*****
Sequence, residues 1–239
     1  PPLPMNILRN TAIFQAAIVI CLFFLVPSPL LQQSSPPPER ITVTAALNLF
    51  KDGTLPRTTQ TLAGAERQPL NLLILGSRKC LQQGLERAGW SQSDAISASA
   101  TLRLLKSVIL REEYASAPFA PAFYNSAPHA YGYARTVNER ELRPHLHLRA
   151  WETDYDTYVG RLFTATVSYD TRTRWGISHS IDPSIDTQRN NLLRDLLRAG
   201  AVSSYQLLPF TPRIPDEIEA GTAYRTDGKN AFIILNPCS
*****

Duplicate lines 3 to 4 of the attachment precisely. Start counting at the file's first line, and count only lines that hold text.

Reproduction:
    51  KDGTLPRTTQ TLAGAERQPL NLLILGSRKC LQQGLERAGW SQSDAISASA
   101  TLRLLKSVIL REEYASAPFA PAFYNSAPHA YGYARTVNER ELRPHLHLRA